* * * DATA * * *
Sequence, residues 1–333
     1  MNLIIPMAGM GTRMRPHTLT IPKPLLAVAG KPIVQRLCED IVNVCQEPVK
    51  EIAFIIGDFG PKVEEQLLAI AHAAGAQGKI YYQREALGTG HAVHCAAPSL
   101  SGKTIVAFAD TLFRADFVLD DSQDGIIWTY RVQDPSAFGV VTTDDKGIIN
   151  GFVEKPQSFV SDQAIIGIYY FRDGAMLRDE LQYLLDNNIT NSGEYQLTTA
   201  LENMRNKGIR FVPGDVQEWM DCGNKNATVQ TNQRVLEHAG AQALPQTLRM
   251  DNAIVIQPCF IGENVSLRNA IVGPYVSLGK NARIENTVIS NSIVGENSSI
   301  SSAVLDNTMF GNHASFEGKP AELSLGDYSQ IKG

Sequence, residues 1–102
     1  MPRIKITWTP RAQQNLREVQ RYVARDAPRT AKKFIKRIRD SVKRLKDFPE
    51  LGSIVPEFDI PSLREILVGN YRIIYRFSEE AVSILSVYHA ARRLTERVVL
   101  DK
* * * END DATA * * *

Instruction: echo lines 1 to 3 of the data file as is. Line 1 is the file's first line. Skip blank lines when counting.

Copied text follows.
Sequence, residues 1–333
     1  MNLIIPMAGM GTRMRPHTLT IPKPLLAVAG KPIVQRLCED IVNVCQEPVK
    51  EIAFIIGDFG PKVEEQLLAI AHAAGAQGKI YYQREALGTG HAVHCAAPSL